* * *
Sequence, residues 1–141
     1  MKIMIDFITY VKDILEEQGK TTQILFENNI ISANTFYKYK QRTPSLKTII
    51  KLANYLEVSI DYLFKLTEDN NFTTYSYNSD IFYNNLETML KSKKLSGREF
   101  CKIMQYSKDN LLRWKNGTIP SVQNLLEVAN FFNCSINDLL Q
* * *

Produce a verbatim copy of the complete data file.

Sequence, residues 1–141
     1  MKIMIDFITY VKDILEEQGK TTQILFENNI ISANTFYKYK QRTPSLKTII
    51  KLANYLEVSI DYLFKLTEDN NFTTYSYNSD IFYNNLETML KSKKLSGREF
   101  CKIMQYSKDN LLRWKNGTIP SVQNLLEVAN FFNCSINDLL Q